An international heart-throb since he was 21, Jason Priestley has been working in the film and television industry for over 30 years and still finds great joy in the work he does – not to mention in the ongoing fame of iconic show Beverly Hills 90210. He talks to Emma Clifton about his show Private Eyes, working through the pandemic and raising teenagers.
Jason Priestley could not be more excited when I tell him that the coolest bar in Auckland is named the Peach Pit, in what can only be an ode to the famed hang-out spot from the iconic television show Beverly Hills 90210, where he played Brandon Walsh for over a decade.
“That is fantastic, that is FANTASTIC,” he laughs. “You know what? That makes my heart so happy, that the coolest bar in Auckland is called Peach Pit. I love that.” The impact of being part of such an iconic part of pop culture has never been lost on him, he says. “It amazes me that I am a part of something that has endured for that amount of time. I’m amazed and shocked and confused and it also just puts a big smile on my face. That show touched a lot of people around the world.”
And it still clearly does – when I tell people my age or older that I’m interviewing Jason Priestley, there is a universal response of a shriek of joy. On our phone call, from his home in LA (“I’m in Covid-heavy Los Angeles and you’re in Covid-free New Zealand, congratulations to you!”) Jason, 51, is as immediately warm and friendly as you would hope.
When stars become famous for an iconic show, particularly early on in their career, they tend to either embrace it whole-heartedly or want nothing to do with it later on. Jason is definitely the former – there’s nothing but love from him when it comes to talking about Beverly Hills 90210 and the cast are still very close. It was a tremendous bonding experience, you would imagine, being that famous together and Jason says the group aspect of the show helped protect them all from some of the darker parts that can come with fame at a young age.
“It’s a funny thing because I was playing a 15-year-old but I was 21 years old, so I sort of had one foot on either side of the fence, right? And at the time, being 21 – I thought I was a fully-fledged man and that I knew everything about the world and how it all worked,” Jason laughs. “And of course, looking back, I knew nothing. It was an incredible experience for me and I was very thankful that I had buddies there – Luke [Perry, RIP] was there, who was a few years older than me, and Ian [Ziering] was there, who was even older than Luke. I had friends there that I could lean on if I was struggling a bit… we all had each other to lean on.”
“One of the things that people struggle with – and certainly individual artists – is the isolation of fame. And thankfully, for us, on that show we all had each other.”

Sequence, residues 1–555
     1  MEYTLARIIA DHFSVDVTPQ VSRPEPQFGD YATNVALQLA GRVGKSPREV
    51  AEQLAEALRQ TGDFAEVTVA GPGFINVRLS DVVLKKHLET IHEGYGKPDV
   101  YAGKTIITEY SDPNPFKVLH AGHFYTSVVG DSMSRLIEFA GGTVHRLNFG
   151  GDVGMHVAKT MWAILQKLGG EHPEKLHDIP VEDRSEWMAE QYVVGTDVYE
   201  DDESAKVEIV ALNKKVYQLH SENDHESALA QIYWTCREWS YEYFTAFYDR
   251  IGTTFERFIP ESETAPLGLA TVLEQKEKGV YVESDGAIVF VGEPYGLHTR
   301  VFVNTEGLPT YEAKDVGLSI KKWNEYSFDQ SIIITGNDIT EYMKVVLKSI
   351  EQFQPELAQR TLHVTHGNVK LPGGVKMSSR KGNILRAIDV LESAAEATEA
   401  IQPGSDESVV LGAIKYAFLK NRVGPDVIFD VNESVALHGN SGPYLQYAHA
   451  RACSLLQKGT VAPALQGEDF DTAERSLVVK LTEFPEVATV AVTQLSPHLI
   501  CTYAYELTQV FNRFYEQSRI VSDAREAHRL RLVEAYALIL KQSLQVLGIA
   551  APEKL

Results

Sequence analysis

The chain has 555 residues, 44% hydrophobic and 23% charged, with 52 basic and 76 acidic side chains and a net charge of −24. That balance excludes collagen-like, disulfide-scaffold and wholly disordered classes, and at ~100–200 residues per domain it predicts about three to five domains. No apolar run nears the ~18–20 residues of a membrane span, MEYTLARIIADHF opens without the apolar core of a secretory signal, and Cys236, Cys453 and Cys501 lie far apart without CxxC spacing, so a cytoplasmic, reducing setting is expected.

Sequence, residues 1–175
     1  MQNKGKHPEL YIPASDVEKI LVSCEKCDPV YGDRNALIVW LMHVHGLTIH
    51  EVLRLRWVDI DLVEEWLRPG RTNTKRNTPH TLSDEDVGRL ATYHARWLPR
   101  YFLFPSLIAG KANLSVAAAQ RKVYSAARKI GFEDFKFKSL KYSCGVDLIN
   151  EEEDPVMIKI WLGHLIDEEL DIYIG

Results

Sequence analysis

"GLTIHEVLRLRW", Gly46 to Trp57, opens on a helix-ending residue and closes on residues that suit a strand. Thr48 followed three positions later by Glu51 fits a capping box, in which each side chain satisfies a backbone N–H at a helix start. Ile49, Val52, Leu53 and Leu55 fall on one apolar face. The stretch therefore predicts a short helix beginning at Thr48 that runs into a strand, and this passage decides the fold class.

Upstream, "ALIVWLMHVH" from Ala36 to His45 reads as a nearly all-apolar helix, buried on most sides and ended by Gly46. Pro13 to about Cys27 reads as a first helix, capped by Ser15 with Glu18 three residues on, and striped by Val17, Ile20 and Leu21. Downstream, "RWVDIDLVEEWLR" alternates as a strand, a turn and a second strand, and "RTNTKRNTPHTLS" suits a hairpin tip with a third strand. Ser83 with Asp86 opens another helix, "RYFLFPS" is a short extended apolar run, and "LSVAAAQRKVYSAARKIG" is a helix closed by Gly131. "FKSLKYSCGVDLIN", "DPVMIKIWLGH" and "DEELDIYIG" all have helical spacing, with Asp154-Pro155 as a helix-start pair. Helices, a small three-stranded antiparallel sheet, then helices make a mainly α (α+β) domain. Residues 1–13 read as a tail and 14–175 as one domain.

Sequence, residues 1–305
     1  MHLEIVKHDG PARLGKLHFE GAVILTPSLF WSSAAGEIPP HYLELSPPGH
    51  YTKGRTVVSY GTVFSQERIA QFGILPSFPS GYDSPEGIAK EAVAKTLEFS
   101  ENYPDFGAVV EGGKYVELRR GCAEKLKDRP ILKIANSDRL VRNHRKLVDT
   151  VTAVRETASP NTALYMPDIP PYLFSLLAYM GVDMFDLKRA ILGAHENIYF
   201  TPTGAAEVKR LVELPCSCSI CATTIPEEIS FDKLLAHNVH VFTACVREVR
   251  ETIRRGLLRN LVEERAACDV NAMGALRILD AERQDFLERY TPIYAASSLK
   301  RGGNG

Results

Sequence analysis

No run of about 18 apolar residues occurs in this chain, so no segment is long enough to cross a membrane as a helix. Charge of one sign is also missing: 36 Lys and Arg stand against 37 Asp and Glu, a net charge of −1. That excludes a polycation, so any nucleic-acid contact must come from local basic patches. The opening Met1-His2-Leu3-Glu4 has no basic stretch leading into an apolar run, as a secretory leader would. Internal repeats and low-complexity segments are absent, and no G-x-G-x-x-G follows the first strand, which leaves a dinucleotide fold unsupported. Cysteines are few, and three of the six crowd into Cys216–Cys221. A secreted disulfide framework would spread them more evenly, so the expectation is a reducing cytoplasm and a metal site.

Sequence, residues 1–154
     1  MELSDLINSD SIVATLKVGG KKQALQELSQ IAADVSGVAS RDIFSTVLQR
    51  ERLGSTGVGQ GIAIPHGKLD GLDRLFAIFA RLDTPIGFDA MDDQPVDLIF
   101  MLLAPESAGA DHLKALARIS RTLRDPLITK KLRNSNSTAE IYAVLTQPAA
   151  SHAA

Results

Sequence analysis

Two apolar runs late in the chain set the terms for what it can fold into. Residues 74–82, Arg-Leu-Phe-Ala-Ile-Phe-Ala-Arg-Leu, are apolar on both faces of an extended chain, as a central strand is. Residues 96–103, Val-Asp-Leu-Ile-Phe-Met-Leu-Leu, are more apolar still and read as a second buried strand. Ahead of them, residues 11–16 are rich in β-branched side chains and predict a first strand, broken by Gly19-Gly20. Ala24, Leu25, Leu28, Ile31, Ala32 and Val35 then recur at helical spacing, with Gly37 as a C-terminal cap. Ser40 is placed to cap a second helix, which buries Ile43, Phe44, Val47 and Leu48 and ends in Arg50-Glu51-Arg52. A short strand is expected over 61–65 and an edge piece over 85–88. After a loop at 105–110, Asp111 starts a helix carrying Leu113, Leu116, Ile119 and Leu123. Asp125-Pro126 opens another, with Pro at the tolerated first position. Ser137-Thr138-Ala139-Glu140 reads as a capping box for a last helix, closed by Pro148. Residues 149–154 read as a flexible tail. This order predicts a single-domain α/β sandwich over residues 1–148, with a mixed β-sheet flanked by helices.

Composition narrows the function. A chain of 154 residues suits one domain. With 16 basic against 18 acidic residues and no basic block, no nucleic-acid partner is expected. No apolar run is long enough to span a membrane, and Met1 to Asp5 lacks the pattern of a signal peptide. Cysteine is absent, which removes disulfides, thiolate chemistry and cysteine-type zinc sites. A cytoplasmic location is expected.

With one of the longest IMDB lists of past roles I’ve ever seen, Jason still seems to get tremendous happiness from his day job, I say. “I do!” he agrees. “I really do – I love making films and TV and it’s something that gives me great joy. And now, as my kids are getting older, I love it when they get to come to set and I get to share it with them.” He mentions a film set in 2019, where his wife Naomi Lowde, and kids, Ava and Dashiell, got to visit and his son sat in the director’s chair, calling ‘action.’
“It’s so much fun to show them the industry that I’ve worked in since before I was as young as they are. It’s been really fun to see it through their eyes. Acting has been a huge part of my life for so long now that it really feels like an intrinsic part of my life – I can’t imagine my life without it.”
His latest role sees him playing Matt Shade, a former hockey player turned private investigator in the comedy/drama Private Eyes. The fourth season starts in New Zealand on Vibe and the show has been a hit with fans, winning the top TV award in Canada and with apt comparisons to the chemistry and humour of Moonlighting. One of the key attractions of the delightful series is the sparky chemistry between Jason’s character Matt and the other lead Angie Everett, played by Cindy Sampson.
The magic of how to create such chemistry is the “Million dollar question”, Jason says. “If there was a way to create it, every show would have it. It’s hard to say what the secret sauce or the magic formula is because it’s different in every situation. I’ve been on shows when it doesn’t work and obviously I’ve been on shows when it does. Aaron Spelling was very good at putting together casts that worked in that way and always had amazing chemistry…There are certain show-runners/executive producers that have that way of putting together casts that work – Shonda Rhimes (creator of Grey’s Anatomy and Scandal) is very good at it. It’s the Wizard of Oz magic touch that some people have.”
The film and TV industry was hit very hard at the start of Covid-19, before strict protocols were put in place to ensure that sets could continue. Jason and the Private Eyes team were lucky to be able to film the fifth season in Canada under these new rules and he says he feels very lucky that not only were they able to keep working, but that his family were able to come with him, because of the online school classes.
“For me, as a guy who spends so much time on the road, having this ‘forced confinement’ with my family has been so nice, because my kids are getting to the age where pretty soon they’re not going to want to spend time with Mum and Dad any more. So I’m very selfishly hanging onto these last couple of years.”
Private Eyes screens on Thursdays from 11th March 8.30pm on Vibe